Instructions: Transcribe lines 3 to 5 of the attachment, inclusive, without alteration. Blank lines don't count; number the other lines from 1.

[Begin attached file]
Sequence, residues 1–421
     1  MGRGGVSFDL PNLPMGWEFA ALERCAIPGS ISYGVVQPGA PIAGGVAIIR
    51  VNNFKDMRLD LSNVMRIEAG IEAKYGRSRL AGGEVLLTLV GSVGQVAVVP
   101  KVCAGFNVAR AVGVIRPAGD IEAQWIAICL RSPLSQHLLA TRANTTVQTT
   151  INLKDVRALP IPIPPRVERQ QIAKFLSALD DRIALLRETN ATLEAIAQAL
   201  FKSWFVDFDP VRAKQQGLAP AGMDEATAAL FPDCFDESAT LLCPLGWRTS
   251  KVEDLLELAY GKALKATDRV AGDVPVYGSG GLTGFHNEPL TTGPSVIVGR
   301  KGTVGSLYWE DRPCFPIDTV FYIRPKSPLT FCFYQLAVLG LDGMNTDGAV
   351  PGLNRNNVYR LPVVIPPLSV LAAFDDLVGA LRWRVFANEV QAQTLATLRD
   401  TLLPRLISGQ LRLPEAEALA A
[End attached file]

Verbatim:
    51  VNNFKDMRLD LSNVMRIEAG IEAKYGRSRL AGGEVLLTLV GSVGQVAVVP
   101  KVCAGFNVAR AVGVIRPAGD IEAQWIAICL RSPLSQHLLA TRANTTVQTT
   151  INLKDVRALP IPIPPRVERQ QIAKFLSALD DRIALLRETN ATLEAIAQAL